Commentary on Paul’s Letter to the Philippians by J.B. Lightfoot

Commentary on Paul's Letter to the Philippians by J.B. Lightfoot 1J.B. Lightfoot’s commentary on Philippians has been continuously in print for 146 years – surely proof of its enduring value for Bible students.

My thanks to Book Aid for providing a copy of this public domain title for digitisation.

Joseph Barber Lightfoot [1828-1889], Saint Paul’s Epistle to the Philippians. A revised text with introduction, Notes and Dissertations. London & Cambridge: Macmillan & Co. Ltd., 1873. Hbk. pp.346. [Click to visit the download page]

Table of Contents

Introduction:

  1. St Paul in Rome
  2. Order of the Epistles of Captivity
  3. The Church of Philippi
  4. Character and Contents of the Epistles; The Genuineness of the Epistle

Text and Notes

Dissertations

  1. The Christian Ministry
  2. St Paul; and Seneca; The Letters of Paul and Seneca

Index

St Paul in Rome

The arrival of St Paul in the metropolis marks. a new and important epoch in the history of the Christian. Church. Hitherto he had come in contact with Roman institutions modified by local circumstances and administered by subordinate officers in the outlying provinces of the Empire. Now he was in the very centre and focus of Roman influence; and from this time forward neither the policy of the government nor the character of the reigning prince was altogether a matter of indifference to the welfare of Christianity. . The change of scene had brought with it a change in the mutual relations between the Gospel and the Empire. They were now occupying the same ground, and a collision· was inevitable. Up to this time the Apostle had found rather an ally than an enemy in a power which he had more than once successfully invoked against the malignity of his fellow-countrymen.

Commentary on Philippians by Alfred Plummer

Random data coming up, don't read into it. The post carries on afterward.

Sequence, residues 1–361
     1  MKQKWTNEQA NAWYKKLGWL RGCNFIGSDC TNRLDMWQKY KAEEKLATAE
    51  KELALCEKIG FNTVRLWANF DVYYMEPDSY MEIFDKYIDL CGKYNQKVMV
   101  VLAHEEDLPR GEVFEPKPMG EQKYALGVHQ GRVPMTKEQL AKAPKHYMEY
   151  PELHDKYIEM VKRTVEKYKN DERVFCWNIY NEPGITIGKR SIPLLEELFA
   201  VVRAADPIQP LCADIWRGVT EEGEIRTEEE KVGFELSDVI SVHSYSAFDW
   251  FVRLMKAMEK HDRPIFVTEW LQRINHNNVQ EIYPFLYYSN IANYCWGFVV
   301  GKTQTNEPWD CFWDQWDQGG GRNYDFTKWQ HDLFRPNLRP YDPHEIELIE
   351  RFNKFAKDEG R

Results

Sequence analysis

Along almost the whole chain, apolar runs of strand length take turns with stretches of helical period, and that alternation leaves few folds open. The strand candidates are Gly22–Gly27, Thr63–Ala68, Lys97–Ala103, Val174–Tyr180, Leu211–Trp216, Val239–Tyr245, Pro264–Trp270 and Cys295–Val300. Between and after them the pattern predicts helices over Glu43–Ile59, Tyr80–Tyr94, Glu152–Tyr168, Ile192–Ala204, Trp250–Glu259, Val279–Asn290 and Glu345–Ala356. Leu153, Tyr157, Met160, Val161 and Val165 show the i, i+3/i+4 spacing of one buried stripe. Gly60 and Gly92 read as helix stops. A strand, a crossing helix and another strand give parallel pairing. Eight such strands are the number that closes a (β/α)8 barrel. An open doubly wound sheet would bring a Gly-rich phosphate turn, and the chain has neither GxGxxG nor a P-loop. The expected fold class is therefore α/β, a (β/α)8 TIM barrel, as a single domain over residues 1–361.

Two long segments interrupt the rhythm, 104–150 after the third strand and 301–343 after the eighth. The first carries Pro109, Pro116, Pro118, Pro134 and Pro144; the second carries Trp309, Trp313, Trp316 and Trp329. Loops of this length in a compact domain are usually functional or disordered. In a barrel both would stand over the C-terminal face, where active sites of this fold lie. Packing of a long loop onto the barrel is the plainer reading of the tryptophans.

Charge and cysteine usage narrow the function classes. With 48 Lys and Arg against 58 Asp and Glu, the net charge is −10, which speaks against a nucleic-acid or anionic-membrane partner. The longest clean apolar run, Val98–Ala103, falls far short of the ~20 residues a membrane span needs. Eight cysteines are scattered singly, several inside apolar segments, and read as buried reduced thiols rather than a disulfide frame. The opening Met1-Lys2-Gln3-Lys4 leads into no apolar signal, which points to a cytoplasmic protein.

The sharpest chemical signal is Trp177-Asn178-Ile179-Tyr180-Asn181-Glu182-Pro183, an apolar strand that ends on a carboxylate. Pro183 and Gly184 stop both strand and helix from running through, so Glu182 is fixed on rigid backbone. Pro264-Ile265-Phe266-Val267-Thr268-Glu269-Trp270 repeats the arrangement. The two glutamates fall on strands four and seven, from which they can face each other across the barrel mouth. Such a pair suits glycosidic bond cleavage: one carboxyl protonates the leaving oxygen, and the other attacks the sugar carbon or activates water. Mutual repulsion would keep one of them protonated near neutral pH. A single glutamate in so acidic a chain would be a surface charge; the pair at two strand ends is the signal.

Ancient theatre - Philippi
Ancient theatre – Philippi. Photo Credit: MrPanyGoff

Alfred Plummer’s Commentary on Philippians has been reprinted many times, which I take as a confirmation of its ongoing value to Bible students. The text uses some Greek, but not enough to make it difficult for those with no knowledge of the original language to use. This title is in the public domain.

Alfred Plummer [1841-1926], A Commentary on St. Paul’s Epistle to the Philippians. London: Robert Scott, 1919. Hbk. pp.115. [Click to visit the download page]

Table of Contents

  • Introduction
  • Commentary
  • Index

Introduction

The passage of the Gospel from Eastern to Western civilization is an event of the highest importance and interest in the history of the Christian Church. With the exception of the extension of the offer of salvation from Jews to Gentiles, there is hardly anything of greater importance in the progress of Apostolic Christianity. It was an advance from a world in which the best elements of civilization were to be found in Judaism, to a world in which the best elements were centred in the art and literature of Greece, and in the military and political organization of Rome. Divine religion was seeking friendship with human philosophy and human law.

It did not come uninvited. Macedonia, half Greek and half Roman, took the initiative under special guidance from heaven. The Spirit intimated that St. Paul, Silas and Timothy were not to preach the word in Asia, Mysia, or Bithynia….